Yesterday was a mixed day for UK stocks, but the FTSE 100 closed 0.4% higher. The index was led by NMC Health, Evraz and Smurfit Kappa Group, which closed 6.6%, 4.7% and 3.6% up respectively. HSBC also helped take the index higher, gaining 2%. The banking giant’s share price is roughly flat since announcing 35,000 job cuts early last week. The bank currently offers a dividend of around 7% after losing a third of its value over the past two years. Smaller London-listed stocks faced a more difficult day, with the FTSE 250 sinking 0.5% and the FTSE AIM All-Share index dropping 0.2%. Wagamama owner Restaurant Group was the biggest loser in the FTSE 250, closing 7.2% down after suspending its dividend and announcing plans to cut the number of restaurants. The casual dining group has now lost more than 35% in 2020 so far, and 80% over the past five years. In crossover US-UK news, it was reported yesterday that Walmart is in talks to sell a majority stake in Asda, a year after UK regulators shut down an attempt to merge the supermarket chain with Sainsbury’s.
FTSE 100: +0.4% Wednesday, -6.6% YTD
FTSE 250: -0.5% Wednesday, -5.8% YTD
Stocks to watch
Keurig Dr Pepper: Keurig Green Mountain bought Dr Pepper Snapple Group in an $18.7bn deal two years ago, creating a firm that controls brands including Krispy Kreme, Schweppes and Evian. Over the past 12 months, Keurig Dr Pepper stock has climbed 6.6%, well behind the broader market, but it has held up well in the face of the coronavirus-linked sell off. The firm reports earnings this morning, when analysts will likely be focusing on new segments the company has been entering into. Currently, Wall Street analysts have an average 12-month price target on the stock of $31.50, versus its $28.73 at Wednesday’s close, with a range between $26 and $35.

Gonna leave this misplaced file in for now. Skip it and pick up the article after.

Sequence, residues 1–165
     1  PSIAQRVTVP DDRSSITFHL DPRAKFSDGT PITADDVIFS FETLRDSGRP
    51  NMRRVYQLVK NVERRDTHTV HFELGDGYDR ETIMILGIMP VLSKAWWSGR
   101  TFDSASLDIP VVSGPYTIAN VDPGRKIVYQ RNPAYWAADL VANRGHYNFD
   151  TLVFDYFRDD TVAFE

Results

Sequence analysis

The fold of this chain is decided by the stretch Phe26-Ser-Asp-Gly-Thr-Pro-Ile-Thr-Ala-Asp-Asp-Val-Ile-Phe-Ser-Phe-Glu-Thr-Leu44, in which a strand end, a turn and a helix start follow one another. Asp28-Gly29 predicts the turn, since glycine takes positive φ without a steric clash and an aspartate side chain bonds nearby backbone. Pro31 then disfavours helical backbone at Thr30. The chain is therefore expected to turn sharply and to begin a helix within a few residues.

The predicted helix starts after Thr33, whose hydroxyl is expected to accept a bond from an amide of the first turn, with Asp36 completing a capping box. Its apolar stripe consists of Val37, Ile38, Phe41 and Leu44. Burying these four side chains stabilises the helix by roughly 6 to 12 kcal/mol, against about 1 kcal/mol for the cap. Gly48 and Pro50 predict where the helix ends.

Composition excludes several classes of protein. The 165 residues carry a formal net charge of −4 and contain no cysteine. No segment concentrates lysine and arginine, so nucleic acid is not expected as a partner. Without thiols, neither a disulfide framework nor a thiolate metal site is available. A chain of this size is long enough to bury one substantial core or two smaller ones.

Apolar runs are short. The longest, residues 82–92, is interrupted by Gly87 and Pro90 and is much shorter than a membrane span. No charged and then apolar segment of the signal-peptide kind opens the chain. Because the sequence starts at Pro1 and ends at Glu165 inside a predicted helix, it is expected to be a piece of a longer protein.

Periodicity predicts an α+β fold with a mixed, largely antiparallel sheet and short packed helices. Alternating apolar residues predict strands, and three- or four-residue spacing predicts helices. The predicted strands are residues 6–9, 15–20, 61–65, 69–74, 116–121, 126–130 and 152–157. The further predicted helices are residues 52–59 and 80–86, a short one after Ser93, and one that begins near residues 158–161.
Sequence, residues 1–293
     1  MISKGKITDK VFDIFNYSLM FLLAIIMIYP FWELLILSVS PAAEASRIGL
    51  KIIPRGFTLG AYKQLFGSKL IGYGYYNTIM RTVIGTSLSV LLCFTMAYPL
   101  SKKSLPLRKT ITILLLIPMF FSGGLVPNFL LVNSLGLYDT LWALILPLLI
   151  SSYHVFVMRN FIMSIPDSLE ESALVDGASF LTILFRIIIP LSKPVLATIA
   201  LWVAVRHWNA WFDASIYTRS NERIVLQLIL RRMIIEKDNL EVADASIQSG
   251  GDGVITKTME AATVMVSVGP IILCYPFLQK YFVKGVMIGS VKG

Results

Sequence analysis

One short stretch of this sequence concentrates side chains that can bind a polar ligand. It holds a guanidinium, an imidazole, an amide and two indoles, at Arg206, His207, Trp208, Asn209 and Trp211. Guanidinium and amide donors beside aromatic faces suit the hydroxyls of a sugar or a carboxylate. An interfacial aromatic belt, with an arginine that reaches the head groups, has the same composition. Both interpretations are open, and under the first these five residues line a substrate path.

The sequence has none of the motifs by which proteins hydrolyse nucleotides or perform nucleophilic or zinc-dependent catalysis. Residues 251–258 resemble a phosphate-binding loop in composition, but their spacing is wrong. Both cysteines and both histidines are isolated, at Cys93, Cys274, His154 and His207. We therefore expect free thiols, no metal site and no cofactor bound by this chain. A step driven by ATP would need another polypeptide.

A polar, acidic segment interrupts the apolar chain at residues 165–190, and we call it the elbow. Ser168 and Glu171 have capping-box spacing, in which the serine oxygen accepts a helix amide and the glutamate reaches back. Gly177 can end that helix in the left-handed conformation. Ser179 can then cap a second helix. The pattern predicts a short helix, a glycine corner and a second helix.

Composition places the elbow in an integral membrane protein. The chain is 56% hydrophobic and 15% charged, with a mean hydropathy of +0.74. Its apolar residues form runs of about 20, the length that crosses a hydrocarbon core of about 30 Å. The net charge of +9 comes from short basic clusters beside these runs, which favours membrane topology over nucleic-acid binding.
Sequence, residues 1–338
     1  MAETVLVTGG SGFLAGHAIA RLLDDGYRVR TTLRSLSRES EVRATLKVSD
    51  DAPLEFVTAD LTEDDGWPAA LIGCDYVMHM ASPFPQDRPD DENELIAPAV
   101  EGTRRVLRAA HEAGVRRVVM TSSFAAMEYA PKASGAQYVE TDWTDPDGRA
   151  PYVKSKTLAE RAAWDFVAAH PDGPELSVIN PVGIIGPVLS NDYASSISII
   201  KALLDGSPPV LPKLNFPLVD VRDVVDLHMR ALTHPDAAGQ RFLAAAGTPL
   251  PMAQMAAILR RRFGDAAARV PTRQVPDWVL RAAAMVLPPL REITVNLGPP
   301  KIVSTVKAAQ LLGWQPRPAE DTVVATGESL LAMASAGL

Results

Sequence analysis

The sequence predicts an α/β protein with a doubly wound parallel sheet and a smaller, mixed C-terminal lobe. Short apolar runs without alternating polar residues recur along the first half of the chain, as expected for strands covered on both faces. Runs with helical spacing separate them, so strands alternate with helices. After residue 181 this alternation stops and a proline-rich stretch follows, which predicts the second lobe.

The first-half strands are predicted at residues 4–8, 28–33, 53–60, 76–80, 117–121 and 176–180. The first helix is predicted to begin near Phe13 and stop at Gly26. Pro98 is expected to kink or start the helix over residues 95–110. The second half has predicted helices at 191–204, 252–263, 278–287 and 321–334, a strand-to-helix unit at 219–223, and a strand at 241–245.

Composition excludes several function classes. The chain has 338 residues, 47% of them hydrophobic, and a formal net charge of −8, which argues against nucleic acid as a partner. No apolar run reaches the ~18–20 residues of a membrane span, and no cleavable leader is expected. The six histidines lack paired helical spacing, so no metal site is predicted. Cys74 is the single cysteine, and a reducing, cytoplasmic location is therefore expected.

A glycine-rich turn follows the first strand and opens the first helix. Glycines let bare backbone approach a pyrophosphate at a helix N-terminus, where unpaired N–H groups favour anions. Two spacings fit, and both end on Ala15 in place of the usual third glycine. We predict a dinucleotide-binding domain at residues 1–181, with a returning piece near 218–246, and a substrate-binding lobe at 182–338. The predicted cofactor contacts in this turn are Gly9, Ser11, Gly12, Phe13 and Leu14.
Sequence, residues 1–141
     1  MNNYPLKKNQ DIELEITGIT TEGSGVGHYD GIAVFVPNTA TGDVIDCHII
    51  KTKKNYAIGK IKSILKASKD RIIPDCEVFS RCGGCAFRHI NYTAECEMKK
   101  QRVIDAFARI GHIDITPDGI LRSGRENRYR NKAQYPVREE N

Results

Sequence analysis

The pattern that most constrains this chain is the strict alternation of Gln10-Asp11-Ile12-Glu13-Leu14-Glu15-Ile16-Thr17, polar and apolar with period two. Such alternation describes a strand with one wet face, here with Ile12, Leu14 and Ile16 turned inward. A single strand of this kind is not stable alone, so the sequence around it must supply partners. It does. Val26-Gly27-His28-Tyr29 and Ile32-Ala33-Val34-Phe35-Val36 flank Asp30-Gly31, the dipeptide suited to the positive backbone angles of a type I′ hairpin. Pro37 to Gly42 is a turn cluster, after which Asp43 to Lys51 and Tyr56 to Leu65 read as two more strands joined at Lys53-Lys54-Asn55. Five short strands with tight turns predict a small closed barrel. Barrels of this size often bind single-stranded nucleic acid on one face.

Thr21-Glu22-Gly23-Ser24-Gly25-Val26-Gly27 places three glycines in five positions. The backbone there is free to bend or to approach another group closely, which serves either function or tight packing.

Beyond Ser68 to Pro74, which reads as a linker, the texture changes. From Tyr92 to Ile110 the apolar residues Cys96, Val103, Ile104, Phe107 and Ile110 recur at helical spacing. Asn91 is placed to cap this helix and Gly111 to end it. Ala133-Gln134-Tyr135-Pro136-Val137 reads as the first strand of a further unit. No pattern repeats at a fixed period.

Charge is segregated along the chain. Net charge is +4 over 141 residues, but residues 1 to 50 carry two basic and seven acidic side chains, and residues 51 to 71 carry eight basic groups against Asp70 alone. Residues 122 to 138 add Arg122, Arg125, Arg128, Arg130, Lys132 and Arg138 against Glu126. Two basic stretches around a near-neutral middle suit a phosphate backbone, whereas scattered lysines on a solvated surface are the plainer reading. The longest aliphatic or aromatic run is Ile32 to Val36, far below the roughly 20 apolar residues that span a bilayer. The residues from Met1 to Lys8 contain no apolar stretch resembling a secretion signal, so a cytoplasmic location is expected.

Baidu: Nasdaq-listed Chinese internet search giant Baidu reports its latest quarterly earnings on this evening New York-time, after a difficult period which has seen the firm lose more than 50% of its value since summer 2018. The past six months have been more positive however, with the stock up around 20%. It has held up well against the coronavirus epidemic as its business is not as subject to logistical disruption given its internet focus. Analysts overwhelmingly favour a buy rating on the stock, with 28 rating it as a buy or overweight, and eight as a hold.
International Consolidated Airlines Group: IAG has been hit hard by this week’s sell-off, with double digit losses, after a huge six months that saw its share price gain more than 50%. The potential impact of the virus will be a major focus for analysts on the company’s earnings call on Friday. Coronavirus cases in Italy have now surged past 400, threatening the potential of travel disruption in Europe. Analysts at Berenberg have warned that lower demand for travel and tourism is already beginning to harm service sector activity. easyJet’s share price has sunk more than 20% this week.
The sell off in the world’s three major cryptoassets worsened yesterday. Over $190m in bitcoin was liquidated on derivatives exchange BitMEX – a further challenge to the already shaky concept of crypto as a safe haven.
Bitcoin started yesterday around $9,320 but suffered heavy losses, down to $8,490 in early trading today, before recovering to around $8,758. Ethereum similarly started Wednesday at $245 before bottoming at $208 in early trading. It has now recovered to around $223. XRP started yesterday at $0.25 before dropping to $0.22. It has since recovered more slowly to around $0.23.
We have previously mentioned the bitcoin ETF application from Wilshire Phoenix. The SEC announced yesterday that it had been rejected. They stated that Wilshire had not proven that the market was sufficiently resistant to market manipulation. This is another one to add to the pile of rejections with the volatility mechanisms Wilshire put in place not enough to change the SEC’s mind that the product was different enough to those before it.